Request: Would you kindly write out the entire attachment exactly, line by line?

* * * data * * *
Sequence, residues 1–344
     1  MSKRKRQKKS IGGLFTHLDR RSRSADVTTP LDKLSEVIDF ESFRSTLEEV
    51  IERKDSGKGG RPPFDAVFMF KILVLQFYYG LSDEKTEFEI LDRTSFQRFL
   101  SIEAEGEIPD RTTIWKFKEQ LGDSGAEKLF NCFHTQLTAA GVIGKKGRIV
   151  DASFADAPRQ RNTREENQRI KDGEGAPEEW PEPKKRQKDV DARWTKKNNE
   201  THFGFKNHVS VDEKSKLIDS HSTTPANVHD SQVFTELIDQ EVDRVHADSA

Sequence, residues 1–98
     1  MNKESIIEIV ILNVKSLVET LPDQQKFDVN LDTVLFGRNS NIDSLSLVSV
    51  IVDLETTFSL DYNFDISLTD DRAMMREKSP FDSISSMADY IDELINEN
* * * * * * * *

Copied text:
Sequence, residues 1–344
     1  MSKRKRQKKS IGGLFTHLDR RSRSADVTTP LDKLSEVIDF ESFRSTLEEV
    51  IERKDSGKGG RPPFDAVFMF KILVLQFYYG LSDEKTEFEI LDRTSFQRFL
   101  SIEAEGEIPD RTTIWKFKEQ LGDSGAEKLF NCFHTQLTAA GVIGKKGRIV
   151  DASFADAPRQ RNTREENQRI KDGEGAPEEW PEPKKRQKDV DARWTKKNNE
   201  THFGFKNHVS VDEKSKLIDS HSTTPANVHD SQVFTELIDQ EVDRVHADSA

Sequence, residues 1–98
     1  MNKESIIEIV ILNVKSLVET LPDQQKFDVN LDTVLFGRNS NIDSLSLVSV
    51  IVDLETTFSL DYNFDISLTD DRAMMREKSP FDSISSMADY IDELINEN